Jewish World Review Dec. 31, 2001 /16 Teves, 5762
Let's review: When Richard C. Reid leaned down and began touching lighted matches to his sneakers, it was a flight attendant who first attempted to stop him. She grabbed at his hands and he shoved her so hard that she landed, according to The New York Times account, four rows back. She yelled for help, and another flight attendant attempted to thwart Reid's shoe-lighting. Reid bit her on the hand hard enough to draw blood. When she screamed, a number of male passengers, including the 6 foot, 8 inch NBA player Kwame James responded. Using anything at hand -- including plastic handcuffs, a dozen belts offered by other passengers and, eventually, sedatives from the plane's on-board kit -- four or five large men were able to subdue the "almost possessed" Reid.
The female flight attendants deserve high marks for their courage. But the episode does reveal that physical size and strength still matter in this world. It took the advent of real danger to reawaken our politically correct society to this truth.
Three years ago, my then-5-year-old son came home from kindergarten and looked at me sympathetically. "Mom, when you were a little girl, people didn't think women could be firefighters, did they?"
I knew immediately that his teacher, a lovely lady of decidedly liberal outlook, was instructing her charges on the wonderful progress of civilization.
"Well," I said, "I'm still not sure I think women firefighters are a good idea." I explained that women had been discouraged in the past from pursuing careers at all -- and this did not make sense. There is no reason that a woman cannot try a case, run a business or heal the sick.
But when it comes to tasks requiring physical strength, well, women are still smaller than men. And while many women have just as much courage, ingenuity and self-possession in emergencies as men, only the most unusual women have the strength to carry the average overweight American out of a burning building.
We've pretended for decades now that physical differences between men and women are insignificant, and where they exist, stand as a rebuke to men. Big dumb jerks. We don't need you to hold open doors for us! I can carry my own bag, bub! Except, it turns out, that when a 6 foot, 4 inch terrorist is swatting women away like mosquitoes, you do need men -- the bigger the better -- to overpower him.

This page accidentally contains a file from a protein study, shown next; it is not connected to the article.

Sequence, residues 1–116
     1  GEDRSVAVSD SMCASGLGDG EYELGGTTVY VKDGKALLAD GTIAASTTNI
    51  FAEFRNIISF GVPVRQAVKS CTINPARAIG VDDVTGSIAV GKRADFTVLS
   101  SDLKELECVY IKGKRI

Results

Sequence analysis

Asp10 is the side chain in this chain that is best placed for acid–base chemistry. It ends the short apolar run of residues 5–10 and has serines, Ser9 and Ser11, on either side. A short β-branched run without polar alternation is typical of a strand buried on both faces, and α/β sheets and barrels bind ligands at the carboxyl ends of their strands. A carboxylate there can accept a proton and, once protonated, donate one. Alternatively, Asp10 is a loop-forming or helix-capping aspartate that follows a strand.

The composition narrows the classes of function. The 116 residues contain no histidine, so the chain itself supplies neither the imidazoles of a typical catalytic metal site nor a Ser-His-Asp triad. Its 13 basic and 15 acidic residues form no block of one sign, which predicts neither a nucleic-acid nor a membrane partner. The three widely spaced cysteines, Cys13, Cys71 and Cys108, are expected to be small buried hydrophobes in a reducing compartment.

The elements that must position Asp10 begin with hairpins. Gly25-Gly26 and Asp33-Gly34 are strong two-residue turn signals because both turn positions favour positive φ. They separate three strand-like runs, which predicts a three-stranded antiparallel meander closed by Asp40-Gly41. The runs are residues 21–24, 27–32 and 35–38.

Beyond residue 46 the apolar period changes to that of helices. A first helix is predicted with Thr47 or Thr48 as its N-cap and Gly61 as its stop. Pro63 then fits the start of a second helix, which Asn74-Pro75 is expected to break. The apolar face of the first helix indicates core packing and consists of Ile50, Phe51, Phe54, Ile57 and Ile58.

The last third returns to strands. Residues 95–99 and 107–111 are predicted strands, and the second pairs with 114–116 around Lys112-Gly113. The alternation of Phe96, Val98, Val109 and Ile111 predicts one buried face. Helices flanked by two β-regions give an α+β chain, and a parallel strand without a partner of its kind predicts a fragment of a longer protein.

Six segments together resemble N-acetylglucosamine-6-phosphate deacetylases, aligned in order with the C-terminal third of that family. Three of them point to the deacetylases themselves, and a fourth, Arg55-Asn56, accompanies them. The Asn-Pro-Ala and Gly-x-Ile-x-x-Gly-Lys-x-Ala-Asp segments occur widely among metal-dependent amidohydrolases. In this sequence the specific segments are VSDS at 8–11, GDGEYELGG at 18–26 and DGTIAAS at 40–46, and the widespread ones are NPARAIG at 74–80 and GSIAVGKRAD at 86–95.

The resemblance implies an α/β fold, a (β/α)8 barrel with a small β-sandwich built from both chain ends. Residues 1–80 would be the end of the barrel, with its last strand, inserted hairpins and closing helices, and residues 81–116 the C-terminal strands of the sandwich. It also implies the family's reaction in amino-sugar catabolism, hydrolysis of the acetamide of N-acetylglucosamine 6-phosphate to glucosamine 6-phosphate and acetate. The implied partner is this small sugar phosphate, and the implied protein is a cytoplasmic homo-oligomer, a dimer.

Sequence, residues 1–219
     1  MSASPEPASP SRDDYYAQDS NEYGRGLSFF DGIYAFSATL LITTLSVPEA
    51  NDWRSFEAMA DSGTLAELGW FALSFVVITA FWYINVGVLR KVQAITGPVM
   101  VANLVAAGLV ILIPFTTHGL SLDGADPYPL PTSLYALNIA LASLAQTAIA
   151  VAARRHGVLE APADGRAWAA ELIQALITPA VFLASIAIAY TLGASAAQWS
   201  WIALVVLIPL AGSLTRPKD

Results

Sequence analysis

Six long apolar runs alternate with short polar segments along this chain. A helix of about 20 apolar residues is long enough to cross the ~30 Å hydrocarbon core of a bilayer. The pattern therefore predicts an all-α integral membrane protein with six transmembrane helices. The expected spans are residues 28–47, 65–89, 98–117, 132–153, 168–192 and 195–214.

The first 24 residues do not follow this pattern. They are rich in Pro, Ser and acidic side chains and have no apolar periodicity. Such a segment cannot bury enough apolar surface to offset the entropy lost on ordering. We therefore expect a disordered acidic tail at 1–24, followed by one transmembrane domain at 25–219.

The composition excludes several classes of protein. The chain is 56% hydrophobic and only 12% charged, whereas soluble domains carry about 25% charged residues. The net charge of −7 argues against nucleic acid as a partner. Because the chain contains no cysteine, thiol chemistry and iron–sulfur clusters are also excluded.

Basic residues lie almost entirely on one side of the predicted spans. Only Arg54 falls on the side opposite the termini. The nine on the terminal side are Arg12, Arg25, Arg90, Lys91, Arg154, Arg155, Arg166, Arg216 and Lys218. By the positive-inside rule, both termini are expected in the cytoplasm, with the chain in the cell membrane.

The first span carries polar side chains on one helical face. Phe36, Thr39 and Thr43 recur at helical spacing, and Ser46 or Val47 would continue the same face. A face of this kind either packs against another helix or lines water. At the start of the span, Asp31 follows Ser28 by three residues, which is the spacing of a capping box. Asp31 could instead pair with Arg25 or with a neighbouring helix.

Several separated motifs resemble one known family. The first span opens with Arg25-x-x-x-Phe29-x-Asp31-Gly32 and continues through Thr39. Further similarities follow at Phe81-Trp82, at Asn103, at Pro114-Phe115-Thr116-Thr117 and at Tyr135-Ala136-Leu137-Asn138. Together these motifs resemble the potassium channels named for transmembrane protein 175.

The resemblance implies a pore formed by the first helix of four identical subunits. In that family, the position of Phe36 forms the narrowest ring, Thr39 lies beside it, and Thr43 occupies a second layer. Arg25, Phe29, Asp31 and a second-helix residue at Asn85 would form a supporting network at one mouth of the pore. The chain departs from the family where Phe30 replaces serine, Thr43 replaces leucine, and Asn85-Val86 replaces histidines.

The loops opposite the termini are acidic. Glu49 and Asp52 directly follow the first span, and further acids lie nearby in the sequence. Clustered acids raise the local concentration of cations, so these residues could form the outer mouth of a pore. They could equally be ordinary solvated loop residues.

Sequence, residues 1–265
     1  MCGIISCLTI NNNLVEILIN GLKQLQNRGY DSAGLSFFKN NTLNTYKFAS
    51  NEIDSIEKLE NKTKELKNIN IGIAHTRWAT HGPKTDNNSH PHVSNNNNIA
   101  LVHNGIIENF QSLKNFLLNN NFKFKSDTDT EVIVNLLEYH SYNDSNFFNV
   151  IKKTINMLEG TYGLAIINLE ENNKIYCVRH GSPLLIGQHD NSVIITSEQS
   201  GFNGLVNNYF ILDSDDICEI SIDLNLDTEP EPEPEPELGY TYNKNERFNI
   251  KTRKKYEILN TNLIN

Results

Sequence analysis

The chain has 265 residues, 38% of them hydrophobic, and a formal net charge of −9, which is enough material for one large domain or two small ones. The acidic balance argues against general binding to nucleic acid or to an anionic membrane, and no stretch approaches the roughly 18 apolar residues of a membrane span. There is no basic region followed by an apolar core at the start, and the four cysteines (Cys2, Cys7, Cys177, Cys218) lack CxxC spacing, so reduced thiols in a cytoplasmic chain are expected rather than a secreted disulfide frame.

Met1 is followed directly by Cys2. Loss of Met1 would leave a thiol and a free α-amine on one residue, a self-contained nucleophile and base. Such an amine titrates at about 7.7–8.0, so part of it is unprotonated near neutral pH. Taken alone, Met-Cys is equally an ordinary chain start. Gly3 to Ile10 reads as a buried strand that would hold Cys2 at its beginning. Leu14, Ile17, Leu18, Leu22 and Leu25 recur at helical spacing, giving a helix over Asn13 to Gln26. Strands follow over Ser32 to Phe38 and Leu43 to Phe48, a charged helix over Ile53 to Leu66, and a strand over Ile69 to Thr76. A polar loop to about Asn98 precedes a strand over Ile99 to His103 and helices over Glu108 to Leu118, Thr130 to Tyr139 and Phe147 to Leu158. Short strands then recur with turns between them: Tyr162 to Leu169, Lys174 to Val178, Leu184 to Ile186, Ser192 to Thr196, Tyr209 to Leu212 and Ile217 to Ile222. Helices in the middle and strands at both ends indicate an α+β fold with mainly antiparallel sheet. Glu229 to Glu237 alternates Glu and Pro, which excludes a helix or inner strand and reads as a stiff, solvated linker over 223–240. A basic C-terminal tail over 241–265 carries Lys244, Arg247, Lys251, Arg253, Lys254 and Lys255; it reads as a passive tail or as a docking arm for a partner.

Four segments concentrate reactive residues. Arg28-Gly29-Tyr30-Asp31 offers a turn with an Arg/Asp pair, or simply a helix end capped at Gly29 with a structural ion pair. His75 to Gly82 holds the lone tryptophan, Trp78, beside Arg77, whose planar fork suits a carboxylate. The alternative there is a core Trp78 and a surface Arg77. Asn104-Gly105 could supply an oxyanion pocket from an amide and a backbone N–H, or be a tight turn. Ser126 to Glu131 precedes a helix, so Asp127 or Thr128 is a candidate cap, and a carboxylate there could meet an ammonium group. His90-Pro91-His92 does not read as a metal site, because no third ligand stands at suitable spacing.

What feminists have never understood, and have actually gone out of their way to distort, is that male strength has always been viewed, in Western culture, as a responsibility, not as a weapon with which to subjugate females. Women and men have traditionally taught their sons (in all but the worst families) that with physical strength must come mental and moral strength. Boys were taught the honorable use of their power -- not to intimidate but to prevent intimidation; not to bully but to protect. Despite reams of disinformation circulated by some feminists, husbands are the last people to beat or abuse women.
Perhaps the new climate of danger -- danger from evil men -- will quiet the anti-male agitation we've endured for so long. For the threat from evil men can only adequately be met by good men. Why not cheer when the manly virtues are called for and demonstrated?
Our admiration for Rudy Giuliani is not based upon his empathy -- though he showed plenty of it -- but rather for older virtues like command, authority, competence and leadership. The businessmen on Flight 93 who whispered their farewells to their wives and families, and then set down their cell phones to take on the terrorists were real men -- the best of masculinity. Were we proud of the female flight attendant who quietly boiled water to throw at the terrorists? You bet. But if it came to a fight, mano a mano, the men would have to take the lead.
As Peggy Noonan observed in Opinion Journal, Sept. 11 has brought old-fashioned virility back into style. G-d bless our men, who've taken so much undeserved abuse for decades, yet never stopped being men and